Bathroom Hand Dryers Spew Fecal Matter

Scientists say bathroom hand dyers collect and spread bacteria

Scientists say bathroom hand dyers collect and spread bacteria

Researchers examined plates exposed to just 30 seconds of a hand dryer compared to those left in, you know, just plain feces-filled air.

A new study has found dryers are blasting our hands with poo particles, which linger in the air after a toilet is flushed with the lid up.

While the researchers theorized that bathroom hand dryers might have been responsible for PS533 spreading from room to room, it was also revealed that petri dishes exposed to regular bathroom air had only one bacterial colony, as opposed to those that were exposed to half a minute of hand dryer air, which had as few as 18, and as many as 60 colonies spotted per plate. But in bathrooms where such plumes gush regularly, where does all that fecal bacteria go?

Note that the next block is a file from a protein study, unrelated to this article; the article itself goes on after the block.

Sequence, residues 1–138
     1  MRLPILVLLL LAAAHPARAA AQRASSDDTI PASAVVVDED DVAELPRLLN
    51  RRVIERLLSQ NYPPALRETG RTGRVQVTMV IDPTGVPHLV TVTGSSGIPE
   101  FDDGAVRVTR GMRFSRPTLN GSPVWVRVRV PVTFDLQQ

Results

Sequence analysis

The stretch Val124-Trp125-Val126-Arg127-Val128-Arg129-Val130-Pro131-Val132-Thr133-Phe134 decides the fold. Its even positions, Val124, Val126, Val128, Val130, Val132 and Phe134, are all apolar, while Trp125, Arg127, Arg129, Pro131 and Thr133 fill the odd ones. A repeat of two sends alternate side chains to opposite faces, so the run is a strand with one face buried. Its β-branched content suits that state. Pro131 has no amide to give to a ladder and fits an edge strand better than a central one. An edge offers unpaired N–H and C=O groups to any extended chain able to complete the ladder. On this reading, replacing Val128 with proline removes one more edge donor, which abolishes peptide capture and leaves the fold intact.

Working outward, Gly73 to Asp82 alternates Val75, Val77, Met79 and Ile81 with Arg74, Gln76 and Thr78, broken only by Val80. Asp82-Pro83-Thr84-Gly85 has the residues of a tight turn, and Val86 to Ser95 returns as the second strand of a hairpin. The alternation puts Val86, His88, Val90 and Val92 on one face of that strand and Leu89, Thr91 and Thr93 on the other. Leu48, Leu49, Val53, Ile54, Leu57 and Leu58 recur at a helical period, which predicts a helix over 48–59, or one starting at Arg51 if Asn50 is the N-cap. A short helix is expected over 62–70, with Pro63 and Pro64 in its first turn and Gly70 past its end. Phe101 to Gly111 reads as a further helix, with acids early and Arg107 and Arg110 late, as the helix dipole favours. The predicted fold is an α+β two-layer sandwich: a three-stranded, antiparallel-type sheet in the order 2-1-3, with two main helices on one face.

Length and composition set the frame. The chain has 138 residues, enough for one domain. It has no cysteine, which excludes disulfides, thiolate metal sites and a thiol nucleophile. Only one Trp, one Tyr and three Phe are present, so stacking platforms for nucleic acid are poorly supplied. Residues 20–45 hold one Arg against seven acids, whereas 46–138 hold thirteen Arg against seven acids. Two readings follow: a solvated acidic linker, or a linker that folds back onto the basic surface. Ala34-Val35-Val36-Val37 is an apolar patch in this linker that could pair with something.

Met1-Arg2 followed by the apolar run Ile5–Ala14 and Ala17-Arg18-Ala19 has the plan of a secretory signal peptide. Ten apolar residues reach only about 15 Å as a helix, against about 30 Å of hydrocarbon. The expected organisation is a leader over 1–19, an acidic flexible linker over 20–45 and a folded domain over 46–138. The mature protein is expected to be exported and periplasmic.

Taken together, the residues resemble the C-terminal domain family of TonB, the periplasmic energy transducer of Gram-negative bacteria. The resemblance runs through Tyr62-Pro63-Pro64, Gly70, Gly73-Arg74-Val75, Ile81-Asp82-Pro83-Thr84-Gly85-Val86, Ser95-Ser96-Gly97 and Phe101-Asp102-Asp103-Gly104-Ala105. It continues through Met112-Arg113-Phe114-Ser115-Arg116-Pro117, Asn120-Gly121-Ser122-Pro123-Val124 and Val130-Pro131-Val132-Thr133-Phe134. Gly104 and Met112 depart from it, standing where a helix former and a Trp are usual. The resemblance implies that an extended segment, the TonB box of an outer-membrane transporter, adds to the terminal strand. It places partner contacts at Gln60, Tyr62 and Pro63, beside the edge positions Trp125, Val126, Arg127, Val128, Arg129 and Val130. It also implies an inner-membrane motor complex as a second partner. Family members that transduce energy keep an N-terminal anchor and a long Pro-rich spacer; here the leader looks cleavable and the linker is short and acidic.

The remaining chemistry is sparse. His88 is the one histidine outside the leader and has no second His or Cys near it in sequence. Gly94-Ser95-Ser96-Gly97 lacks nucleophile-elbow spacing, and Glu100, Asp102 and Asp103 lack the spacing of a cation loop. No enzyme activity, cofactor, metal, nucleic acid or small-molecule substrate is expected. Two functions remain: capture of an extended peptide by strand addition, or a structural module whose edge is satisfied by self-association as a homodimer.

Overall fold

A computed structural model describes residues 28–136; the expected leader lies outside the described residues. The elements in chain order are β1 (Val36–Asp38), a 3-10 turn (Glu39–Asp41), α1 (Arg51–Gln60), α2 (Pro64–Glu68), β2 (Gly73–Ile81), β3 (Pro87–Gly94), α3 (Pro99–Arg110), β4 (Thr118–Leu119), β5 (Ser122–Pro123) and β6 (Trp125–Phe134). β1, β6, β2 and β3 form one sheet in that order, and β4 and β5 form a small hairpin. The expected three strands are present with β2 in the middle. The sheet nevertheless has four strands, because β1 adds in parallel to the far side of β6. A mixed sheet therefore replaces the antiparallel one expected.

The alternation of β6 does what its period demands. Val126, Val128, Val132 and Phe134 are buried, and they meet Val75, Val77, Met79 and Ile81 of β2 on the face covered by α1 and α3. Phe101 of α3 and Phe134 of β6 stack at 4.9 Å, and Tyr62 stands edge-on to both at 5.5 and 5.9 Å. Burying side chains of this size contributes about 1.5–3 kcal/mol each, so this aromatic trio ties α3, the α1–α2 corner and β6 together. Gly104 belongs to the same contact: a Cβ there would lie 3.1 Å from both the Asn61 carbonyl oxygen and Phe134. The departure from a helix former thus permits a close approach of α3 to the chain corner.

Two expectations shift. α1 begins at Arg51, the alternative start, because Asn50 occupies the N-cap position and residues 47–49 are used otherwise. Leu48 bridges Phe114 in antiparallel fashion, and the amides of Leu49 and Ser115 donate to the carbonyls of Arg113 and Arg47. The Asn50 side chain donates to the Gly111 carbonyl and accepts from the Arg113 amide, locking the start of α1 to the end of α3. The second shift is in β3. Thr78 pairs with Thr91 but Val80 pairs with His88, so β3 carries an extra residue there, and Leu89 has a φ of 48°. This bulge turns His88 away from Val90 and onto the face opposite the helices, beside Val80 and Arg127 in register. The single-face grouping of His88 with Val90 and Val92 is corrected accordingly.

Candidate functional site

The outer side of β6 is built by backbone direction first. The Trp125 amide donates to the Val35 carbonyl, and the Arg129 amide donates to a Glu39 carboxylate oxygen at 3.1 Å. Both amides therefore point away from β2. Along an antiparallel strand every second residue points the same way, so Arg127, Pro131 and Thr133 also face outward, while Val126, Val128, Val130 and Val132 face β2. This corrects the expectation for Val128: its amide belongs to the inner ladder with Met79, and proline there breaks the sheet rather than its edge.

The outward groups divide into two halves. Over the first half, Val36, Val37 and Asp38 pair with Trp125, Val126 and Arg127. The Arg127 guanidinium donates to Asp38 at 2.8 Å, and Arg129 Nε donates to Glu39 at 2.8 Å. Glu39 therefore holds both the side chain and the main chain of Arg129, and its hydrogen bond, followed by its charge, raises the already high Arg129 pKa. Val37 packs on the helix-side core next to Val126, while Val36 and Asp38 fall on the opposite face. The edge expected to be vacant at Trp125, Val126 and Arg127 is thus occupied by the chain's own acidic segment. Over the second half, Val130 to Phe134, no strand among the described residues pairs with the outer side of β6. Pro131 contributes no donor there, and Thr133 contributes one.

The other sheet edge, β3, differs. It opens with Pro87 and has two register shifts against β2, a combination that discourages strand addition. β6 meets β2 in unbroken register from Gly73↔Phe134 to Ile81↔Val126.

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In a new study conducted by a team from the University of CT, researchers went to 36 of the school's bathrooms and placed petri dishes underneath a number of hand dryers. Colonies of that strain made up about 2-5% of the bacteria found on the air-blasted plates, regardless of how far the specific bathroom was from the lab where such spores were made.

"T$3 here is evidence that bathroom hand dryers can disperse bacteria from hands or deposit bacteria on surfaces, including recently washed hands", the study says. "The more bacteria stick", study author Peter Setlow tells Business Insider. He says most of, if not all, public health facilities in Tucson only use paper towels. Spore-forming colonies, identified as B. subtilis PS533, averaged ∼2.5 to 5% of bacteria deposited by hand dryers throughout the basic research areas examined regardless of distance from the spore-forming laboratory, and these were nearly certainly deposited as spores. Dryers could act as "reservoir" for bacteria, they suggested, or perhaps their intense blowing simply provides more exposure to the already contaminated air.

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